Barack Obama, the US president, has had to make speeches like this three times already during his tenure, consoling communities where mass killings had taken place.
The said mass murders took place in Tucson in Arizona, Fort Hood in Texas and Aurora in Colorado.
"The easy availability of high-powered weapons in particular is an undeniable fact that needs to be considered here. Look at the weapon that Adam Lanza used in Newtown and the enormous damage he was able to do. I don't think we can discount the types of weapons entirely when we talk about what would constitute reasonable regulations."
- Mark Follman, a senior editor at Mother Jones
But it was only after last week's killing of 20 children aged six and seven in Connecticut that Obama said it was time for action.
"Can we say that we're truly doing enough to give all the children of this country the chance they deserve to live out their lives in happiness and with purpose? I've been reflecting on this the last few days and if we're honest with ourselves, the answer is no. We're not doing enough, and we'll have to change," he said.
While Obama did not use the word "gun" in his speech to members of the Newtown, Connecticut community, gun control has now become the focus of discussion.
The US has the highest gun ownership per capita in the world – nine guns for every 10 Americans.
On Friday morning, 26 people were killed after a gunman carrying a high-powered military-style rifle and other guns stormed Sandy Hook Elementary School in Newtown.
The gunman, identified as Adam Lanza, was armed with four weapons and a semi-automatic rifle with dozens of high-velocity rounds – all of which were obtained legally by his mother. Lanza also killed his mother and took his own life.
"In Washington for years it's been the conventional wisdom that you can't take on the NRA but we've seen [from figures] that it had a very tough November where most of its candidates lost so I think people are going to be re-thinking the traditional reluctance to take on the NRA."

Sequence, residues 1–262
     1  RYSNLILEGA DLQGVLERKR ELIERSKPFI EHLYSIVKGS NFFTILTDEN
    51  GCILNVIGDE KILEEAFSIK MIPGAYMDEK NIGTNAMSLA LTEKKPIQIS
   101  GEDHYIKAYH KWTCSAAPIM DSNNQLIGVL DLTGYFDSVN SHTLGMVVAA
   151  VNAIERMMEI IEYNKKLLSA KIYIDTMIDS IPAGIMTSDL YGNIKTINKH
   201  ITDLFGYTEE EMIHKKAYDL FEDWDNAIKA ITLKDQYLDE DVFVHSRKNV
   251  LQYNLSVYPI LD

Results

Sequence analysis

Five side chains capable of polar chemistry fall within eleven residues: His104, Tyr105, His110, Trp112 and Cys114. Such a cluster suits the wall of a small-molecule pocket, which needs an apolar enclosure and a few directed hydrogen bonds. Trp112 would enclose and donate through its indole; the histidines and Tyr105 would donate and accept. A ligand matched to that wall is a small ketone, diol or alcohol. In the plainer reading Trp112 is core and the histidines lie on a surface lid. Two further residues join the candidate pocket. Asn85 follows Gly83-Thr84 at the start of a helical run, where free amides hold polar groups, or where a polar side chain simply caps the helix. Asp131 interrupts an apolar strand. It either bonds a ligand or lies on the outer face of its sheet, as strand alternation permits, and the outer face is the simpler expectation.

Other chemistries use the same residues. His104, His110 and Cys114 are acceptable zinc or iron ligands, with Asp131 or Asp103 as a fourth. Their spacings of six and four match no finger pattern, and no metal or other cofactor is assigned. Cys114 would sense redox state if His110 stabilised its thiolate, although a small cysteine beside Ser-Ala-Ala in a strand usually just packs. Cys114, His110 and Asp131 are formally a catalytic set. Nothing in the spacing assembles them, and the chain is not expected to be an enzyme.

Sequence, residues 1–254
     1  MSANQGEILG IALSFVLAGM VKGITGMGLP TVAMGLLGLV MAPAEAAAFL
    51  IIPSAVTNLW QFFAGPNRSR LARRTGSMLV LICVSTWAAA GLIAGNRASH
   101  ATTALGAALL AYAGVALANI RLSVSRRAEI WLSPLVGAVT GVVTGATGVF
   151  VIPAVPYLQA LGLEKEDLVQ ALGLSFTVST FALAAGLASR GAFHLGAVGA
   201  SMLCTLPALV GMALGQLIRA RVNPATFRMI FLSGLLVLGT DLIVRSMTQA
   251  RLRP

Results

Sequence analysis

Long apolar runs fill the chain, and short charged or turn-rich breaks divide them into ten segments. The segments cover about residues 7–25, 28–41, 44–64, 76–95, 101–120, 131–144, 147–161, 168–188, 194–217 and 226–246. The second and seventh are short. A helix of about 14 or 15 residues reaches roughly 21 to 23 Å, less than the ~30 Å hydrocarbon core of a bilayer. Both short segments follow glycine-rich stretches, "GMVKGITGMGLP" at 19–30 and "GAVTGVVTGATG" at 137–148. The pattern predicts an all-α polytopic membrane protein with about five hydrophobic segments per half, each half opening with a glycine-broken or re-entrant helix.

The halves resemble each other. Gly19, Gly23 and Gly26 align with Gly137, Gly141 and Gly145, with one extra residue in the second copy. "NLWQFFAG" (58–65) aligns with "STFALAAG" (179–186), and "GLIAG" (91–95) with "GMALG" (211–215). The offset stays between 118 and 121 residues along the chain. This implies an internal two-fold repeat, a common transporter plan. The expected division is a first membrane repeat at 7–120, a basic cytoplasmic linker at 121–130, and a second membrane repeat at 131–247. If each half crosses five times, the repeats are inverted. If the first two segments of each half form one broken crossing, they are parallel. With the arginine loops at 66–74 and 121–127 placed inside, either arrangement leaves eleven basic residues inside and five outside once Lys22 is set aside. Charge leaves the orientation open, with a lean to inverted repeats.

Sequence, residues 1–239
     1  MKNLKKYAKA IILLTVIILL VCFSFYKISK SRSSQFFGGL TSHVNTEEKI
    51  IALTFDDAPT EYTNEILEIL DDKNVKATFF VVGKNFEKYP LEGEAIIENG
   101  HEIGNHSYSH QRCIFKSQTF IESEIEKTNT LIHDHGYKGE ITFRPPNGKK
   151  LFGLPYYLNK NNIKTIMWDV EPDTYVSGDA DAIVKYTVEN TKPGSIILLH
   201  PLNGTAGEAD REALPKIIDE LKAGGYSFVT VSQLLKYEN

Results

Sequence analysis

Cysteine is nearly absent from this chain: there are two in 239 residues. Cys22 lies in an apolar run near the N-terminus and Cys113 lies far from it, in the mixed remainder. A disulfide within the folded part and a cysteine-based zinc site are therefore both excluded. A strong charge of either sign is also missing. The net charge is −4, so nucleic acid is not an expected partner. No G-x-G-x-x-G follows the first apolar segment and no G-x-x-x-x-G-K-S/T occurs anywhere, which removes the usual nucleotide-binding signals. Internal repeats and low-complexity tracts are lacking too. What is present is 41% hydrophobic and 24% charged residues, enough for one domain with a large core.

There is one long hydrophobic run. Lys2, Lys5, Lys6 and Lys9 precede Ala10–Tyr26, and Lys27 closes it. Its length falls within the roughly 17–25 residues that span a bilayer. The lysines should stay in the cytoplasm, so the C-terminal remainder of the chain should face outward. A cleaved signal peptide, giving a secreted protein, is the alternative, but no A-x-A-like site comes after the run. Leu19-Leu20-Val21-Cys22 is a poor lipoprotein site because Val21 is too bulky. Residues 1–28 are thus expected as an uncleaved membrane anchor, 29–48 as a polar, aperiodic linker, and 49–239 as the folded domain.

- Adam Winkler, a constitutional law professor
An investigation by Mother Jones into US mass shootings over the last 30 years found that in 80 per cent of 62 incidents, the guns were obtained legally; while in 11 incidents they were obtained illegally.
As for the type of guns, the investigation found 66 semi-automatic handguns were used in the shootings, 35 assault weapons, 20 revolvers and 17 shotguns.
Gun control opponents say guns should not be blamed for the actions of a person.
While acknowledging there was no one answer to ending this type of violence, Obama said more had to be done.
Is more stringent gun control the answer to preventing mass shootings in the US?
Joining the discussion with presenter Shihab Rattansi on Inside Story Americas are guests: Adam Winkler, a specialist in US constitutional law and author of Gunfight: The Battle over the Right to Bear Arms in America; Mark Follman, a senior editor at Mother Jones which has done a special report on mass shootings in the US; and Christian Heyne, a grassroots coordinator for the Coalition to Stop Gun Violence.
The National Rifle Association of America (NRA), the main gun lobby in the US, declined Al Jazeera's invitation to join the discussion.
"We have to be happy that a conversation is taking place. So many times when these shootings take place, for some reason there's this push to take guns off the table, we can't talk about the mechanism in which these mass shootings take place [but] that's not happening this time maybe because of the horrific nature of [this crime]."
Christian Heyne, the Coalition to Stop Gun Violence
US GUN LAWS:
- The right to bear arms is set out in the 2nd amendment to the US constitution
- Since 1982 there have been at least 62 mass murders with guns in the country
- In the last 50 years, 15 out of 25 mass shootings took place in the US
- The US has the highest gun ownership per capita in the world – with nine guns for every 10 people in the country
- A study has shown that minors are 13 times more likely to be murdered with guns in the US
- After Australia tightened its gun laws in 1996, murders with guns dropped 40 per cent
Is the National Rifle Association's political clout overstated?
- Polling conducted for the Center for America Progress suggests that it is. For instance, the NRA spent $13.4m trying to influence Congressional races in the 2012 elections but lost seven out of the eight targeted key races. They were similarly unsuccessful in the Senate races.
- In the NRA's three target states – Colorado, North Carolina and Virginia – only about a quarter of voters recalled hearing or seeing anything about the election from the NRA.
- Overall, the Sunlight Foundation, a campaign finance watchdog, found that the NRA's return on investment in their 2012 election campaign spending was less than one per cent, giving it the worst track record of all major political committees and organisations.